Anonymous said...

"And then, this detail: During their talk, when an urge to go to the bathroom could no longer be denied, she decided not to interrupt the teacher or exit the room. She simply urinated on herself."

Coulda been worse than to pee or not to pee.
What if the urge had been for the OTHER need.

Anonymous said...

"Some adult authority should tell these students that self-demeaning vulgarity is not the royal road to Yale."

Maybe Yale of yesteryear.

Today, colleges(even elite ones) are into stuff like anti-heteronormative whatever and 'slut pride' marches. Some even invite porn people lecture to students about sex.
In a society where transvestites and homos get to redefine womanhood and marriage, this is to be expected.

Or maybe some their application under the influence of pot.

Also, with the rise of internet, kids confuse the private and the public. They sit in their bedrooms and share their personal feelings with the entire world. Bedroom radicals and subversives replaced the armchair ones.

Stuart Schneiderman said...

Good points... I was trying to put the best possible face on all of it.

Ares Olympus said...

I can't explain any of it, and agree "shamelessness" is accurate, an ideal somehow that people more loveable if they are completely exposed to the world.

Or is it a passivity, a self-sabotage involved, an unconscious urge to repulse others by their oversharing, and thus be rejected from a direction in life they don't want to go anyway?

And the curious thing is how to respond? If politeness means you don't acknowledge when someone is oversharing, then this sort of behavior continues.

I guess there's a phrase "Too much information" that can be used in direct communication to stop someone, but in writing, its doubly blind from feedback and learning how it sounds from the outside.

OTOH, maybe shamelessness is an expression of power, or testing of power? But I don't know how conscious it is.

Ares Olympus said...

It's interesting to see shameful and shameless can be used interchangeably. I found this blog from 2009, helpful but not quite what I wanted.
"'s extremely difficult to respect anyone who, in the need to feel better about themselves, replaces feelings of shamefulness with words and deeds that are irrefutably shameless. But it can be useful to at least comprehend where such unenviable--and reprehensible--shamelessness comes from."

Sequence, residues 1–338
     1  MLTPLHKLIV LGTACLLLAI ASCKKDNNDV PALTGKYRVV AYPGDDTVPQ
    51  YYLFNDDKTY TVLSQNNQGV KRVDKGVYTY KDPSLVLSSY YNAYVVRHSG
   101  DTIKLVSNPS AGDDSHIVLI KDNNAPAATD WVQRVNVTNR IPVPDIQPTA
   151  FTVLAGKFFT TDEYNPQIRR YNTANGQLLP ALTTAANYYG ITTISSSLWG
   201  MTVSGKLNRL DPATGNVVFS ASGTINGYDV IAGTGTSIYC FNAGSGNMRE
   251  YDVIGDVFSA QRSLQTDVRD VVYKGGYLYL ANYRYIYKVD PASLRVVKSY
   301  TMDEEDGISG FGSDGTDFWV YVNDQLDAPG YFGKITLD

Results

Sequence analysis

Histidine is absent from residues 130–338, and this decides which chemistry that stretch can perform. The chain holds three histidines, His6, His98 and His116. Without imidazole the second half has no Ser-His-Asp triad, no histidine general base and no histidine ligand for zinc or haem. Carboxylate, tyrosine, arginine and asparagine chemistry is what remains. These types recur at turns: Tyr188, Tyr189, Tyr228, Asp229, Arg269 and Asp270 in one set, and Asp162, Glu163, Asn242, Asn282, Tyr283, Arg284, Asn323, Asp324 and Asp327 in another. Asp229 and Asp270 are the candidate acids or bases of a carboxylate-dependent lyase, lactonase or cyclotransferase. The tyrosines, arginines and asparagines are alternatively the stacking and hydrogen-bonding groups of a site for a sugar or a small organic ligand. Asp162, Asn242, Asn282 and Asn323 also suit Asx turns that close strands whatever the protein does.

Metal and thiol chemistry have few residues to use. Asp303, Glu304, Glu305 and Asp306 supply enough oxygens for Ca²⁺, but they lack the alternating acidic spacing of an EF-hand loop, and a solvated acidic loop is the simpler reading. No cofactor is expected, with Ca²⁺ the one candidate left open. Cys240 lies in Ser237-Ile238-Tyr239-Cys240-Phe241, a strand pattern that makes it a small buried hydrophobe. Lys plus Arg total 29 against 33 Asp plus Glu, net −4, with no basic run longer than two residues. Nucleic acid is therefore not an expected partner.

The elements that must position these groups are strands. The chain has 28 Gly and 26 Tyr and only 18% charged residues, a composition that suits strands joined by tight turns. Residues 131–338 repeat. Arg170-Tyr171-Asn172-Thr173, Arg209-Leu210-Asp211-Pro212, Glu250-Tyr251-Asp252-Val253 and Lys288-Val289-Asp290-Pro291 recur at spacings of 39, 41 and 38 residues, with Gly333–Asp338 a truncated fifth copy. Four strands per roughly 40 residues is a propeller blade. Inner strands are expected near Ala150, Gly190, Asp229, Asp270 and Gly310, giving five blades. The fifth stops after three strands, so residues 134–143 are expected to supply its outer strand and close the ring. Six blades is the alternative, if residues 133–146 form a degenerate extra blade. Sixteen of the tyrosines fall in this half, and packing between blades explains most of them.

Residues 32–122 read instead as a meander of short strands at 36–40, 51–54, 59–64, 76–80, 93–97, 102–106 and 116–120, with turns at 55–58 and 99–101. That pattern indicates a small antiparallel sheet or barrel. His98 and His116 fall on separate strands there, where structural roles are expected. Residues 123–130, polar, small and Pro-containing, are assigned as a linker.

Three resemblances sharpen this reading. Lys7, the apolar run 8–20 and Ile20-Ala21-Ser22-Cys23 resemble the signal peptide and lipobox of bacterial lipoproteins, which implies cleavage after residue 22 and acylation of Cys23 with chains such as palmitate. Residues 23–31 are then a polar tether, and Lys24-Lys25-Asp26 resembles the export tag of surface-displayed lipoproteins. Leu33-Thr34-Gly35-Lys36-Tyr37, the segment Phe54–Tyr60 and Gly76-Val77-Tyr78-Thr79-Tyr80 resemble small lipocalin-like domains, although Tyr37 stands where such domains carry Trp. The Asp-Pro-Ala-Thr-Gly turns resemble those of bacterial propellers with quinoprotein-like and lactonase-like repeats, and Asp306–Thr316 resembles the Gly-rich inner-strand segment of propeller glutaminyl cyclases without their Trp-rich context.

I can see, if there's some unalterable fact about one's self, that you are unable to hide, like being short, bald or having a big nose, or whatever, then you might feel self conscious about it, and experience shame, and then compensate buy putting on an act of shamelessness that basically dares anyone to point out the personal flaw that you're sure everyone else can see, and is judging, whether or not that's true.

But for facts about yourself that you can keep private, and there's no need for public exposure, that's still strange to me.

The article above also says "Where does a shame-based identity come from anyway? The short answer here is that if, when you were growing up, your caretakers regularly criticized your behavior as shameful, it would be almost impossible not to internalize this unfavorable view of yourself."

The aspect of shame I experience is when I see someone act in a shameful or shameless way, its almost like I feel shame FOR them, and so its like they are leaking out their feelings of shame in their shameless expression. But its difficult to know how much of what I feel is something in me, or something in the other.

Whatever else, I'm sure shamelessness is about power, while maybe it feels like its power over others, while really its power over your own self-censor who won't let you experiment for fear of rejection or ridicule.

Lastly, I imagine, if we all lived in a single small community our whole lives, and had a single reputation to defend, the risks of shameless behavior would be too high, but in a world of 7 billion people, you can make yourself a fool in front of a lot of people and then once you work out those demons, you can resubmit yourself to them with new people who don't know your secrets.

So the real danger, if someone acts shameless around you is that you know you're not that important to them, and they're willing to throw you away rather than look in the mirror, whether you dare question their behavior or not, they see that shame in your eyes, and will someday blame you for it.

Lastango said...

"...eating disorders, sexual abuse, self-mutilation, domestic violence, alcoholism, drug addiction."

Include also single motherhood-related poverty, That stuff FILLS the liteweight feminist-tinged wimzsites.

There, to show authenticity and solidarity, they compete with one another for various forms of victim status. To claim to have been raped is the au courant trump card. This sometimes requires a gymnastic imagination; for instance, associate status can be secured by claiming to have encountered attitudes or environments that can be described as "rapey". IMO, that's an important reason why the definition of "rape" is being subjected to heroic stretching.

At a wimzsite, to question the childish pretensions of a blogger or commenter is to be misogynist, creepy, patriarchal, judgmental, and a political enemy.

Lastango said...

Immediately after posting the above I came across the following, about the thirst for victim status among even the most priviliged and best-educated:

Anonymous said...

Philip Larkin. English Poet Laureate, was a teen during WW2. Paraphrase: "At an age when self-absorption and egocentricity are to be expected, events drove us ruthlessly down to size".

Could it be that ignorance of History and Literature, rife these days, encourage our Youth to indulge in those natural inclinations with greater intensity?

I blush to remember my puerile affectations of superiority at that age. I even smoked pipes and wore elbow-patch blazers! Grandpa gave me the pipes.

Anonymous said...

If it gets them into Yale, what do they care?